Attorney General Platkin, Division of Highway Traffic Safety, Announce Campaign Targeting Excessive Speeding

Attorney General Matt Platkin, the New Jersey Division of Highway Traffic Safety (HTS), and the National Highway Traffic Safety Administration announced today they are joining forces with law enforcement agencies across the state and the nation to raise awareness about the dangers of speeding and take immediate action to prioritize responsible driving habits and obey speed limits.

Beginning this week and lasting through July 31, law enforcement will intensify their efforts to enforce speed limits on roads throughout New Jersey.

As fatalities associated with speeding have risen nationally by 17 percent in recent years, this campaign will increase awareness about the dangers of speeding and the legal consequences of traveling over the speed limit.

Drivers will discover that if they are pulled over for speeding, they will be issued a ticket.

In 2021, the most recent data available, speeding killed 178 people in New Jersey, which accounted for 26 percent of all crash fatalities in the state that year. Young drivers and motorcyclists are especially prone to high speed crashes, and represent the largest demographic involved in speeding-related vehicle crashes.

Statewide, in 2021, 34 percent of all drivers involved in fatal speeding crashes were between 17 and 26 years of age, 79 percent were male and 21 percent were female drivers.

Overall, speeding endangers the lives of those behind the wheel and jeopardizes the safety of pedestrians, cyclists, and other motorists who use our roadways. To combat this growing problem, law enforcement agencies have intensified their efforts to enforce speed limits and hold those who ignore them accountable.

Speeding creates and exacerbates hazardous conditions for drivers by hampering maneuverability around roadway curves and obstacles, and increasing the distance and time required for a vehicle to come to a complete stop.

In addition, speeding significantly elevates the risk of collisions and injuries as other vehicles and pedestrians may struggle to accurately assess distances and react appropriately.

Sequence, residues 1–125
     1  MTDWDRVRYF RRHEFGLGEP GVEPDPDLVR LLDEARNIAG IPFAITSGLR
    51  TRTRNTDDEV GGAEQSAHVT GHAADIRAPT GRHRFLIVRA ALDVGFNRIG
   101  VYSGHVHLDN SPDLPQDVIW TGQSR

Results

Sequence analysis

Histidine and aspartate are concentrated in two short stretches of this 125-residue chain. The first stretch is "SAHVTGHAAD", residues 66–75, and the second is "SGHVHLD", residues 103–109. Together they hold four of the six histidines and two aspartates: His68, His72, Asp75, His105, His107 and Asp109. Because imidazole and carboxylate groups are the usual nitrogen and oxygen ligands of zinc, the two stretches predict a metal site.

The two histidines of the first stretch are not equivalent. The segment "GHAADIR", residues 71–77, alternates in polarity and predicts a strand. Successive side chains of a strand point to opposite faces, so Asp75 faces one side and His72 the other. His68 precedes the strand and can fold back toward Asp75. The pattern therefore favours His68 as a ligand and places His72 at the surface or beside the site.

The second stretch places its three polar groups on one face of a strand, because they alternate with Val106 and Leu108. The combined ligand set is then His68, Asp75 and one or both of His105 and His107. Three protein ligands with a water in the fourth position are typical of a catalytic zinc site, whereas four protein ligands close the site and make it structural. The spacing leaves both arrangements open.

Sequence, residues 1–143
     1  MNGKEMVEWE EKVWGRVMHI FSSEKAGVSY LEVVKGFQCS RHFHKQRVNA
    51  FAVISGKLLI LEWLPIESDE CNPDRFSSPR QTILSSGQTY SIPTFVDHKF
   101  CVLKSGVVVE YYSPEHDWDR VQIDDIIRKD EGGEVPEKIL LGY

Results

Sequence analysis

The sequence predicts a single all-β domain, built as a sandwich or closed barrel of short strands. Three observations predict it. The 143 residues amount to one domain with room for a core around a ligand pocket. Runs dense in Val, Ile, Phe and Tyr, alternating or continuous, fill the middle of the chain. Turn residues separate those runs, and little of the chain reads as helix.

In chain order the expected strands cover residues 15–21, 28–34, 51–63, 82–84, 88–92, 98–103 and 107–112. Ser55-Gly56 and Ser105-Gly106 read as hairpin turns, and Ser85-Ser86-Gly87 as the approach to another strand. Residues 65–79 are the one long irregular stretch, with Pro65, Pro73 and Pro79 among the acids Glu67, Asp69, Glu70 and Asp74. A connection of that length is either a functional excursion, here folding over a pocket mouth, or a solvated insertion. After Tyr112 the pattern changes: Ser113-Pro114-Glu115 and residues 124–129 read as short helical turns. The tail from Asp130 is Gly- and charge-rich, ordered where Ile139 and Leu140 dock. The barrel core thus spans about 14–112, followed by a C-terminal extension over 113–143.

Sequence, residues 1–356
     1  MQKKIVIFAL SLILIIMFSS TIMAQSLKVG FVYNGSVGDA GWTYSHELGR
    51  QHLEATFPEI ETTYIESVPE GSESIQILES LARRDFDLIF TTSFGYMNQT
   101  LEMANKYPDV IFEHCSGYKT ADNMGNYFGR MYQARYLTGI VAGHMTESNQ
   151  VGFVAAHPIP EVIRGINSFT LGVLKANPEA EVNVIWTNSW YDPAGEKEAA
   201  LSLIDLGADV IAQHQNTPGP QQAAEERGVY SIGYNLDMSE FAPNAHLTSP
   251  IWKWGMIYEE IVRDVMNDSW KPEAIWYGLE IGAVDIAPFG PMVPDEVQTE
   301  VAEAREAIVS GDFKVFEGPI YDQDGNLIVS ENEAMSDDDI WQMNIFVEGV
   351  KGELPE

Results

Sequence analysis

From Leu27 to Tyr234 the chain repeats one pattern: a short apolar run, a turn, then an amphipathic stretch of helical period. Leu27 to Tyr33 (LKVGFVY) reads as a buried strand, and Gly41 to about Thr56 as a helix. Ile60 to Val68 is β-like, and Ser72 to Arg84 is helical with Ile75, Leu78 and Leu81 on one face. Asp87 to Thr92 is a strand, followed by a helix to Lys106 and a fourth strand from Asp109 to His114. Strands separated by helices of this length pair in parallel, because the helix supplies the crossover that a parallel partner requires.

The consequences of speeding – personal, societal, and legal – can be immense.

Drivers who disregard speed limits put themselves at risk of incurring penalties including fines ranging from $50 to $200, suspension of driving privileges, and the accumulation of points on their driving record.

Additionally, the financial burden of increased insurance premiums can persist for years to come, straining individuals’ financial stability. In the most severe instances where speeding leads to a serious crash or loss of life, drivers may even face the possibility of imprisonment.

Several HTS initiatives are currently underway to promote safety and reduce speeding on the roads. These include ongoing safety messaging and public awareness campaigns through broadcast media and web-based traffic and weather reports, focusing on speeding and other traffic safety related issues.

And to assist law enforcement with enforcement efforts, 55 yearlong, sustained enforcement grants totaling $2.5 million have been allocated to local, county, and state police agencies in 2023. These grants will target speed violations, as well as unbelted motorists and driver distraction.

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  1. Out west in the speed limit is 80, 90 mph and driving in Europe the fast lane is reserved for those going over 100 mph. New Jersey and most of these liberal coastal areas are police states against normal citizens and the criminals walk free. Man power should be spend on actual crimes.

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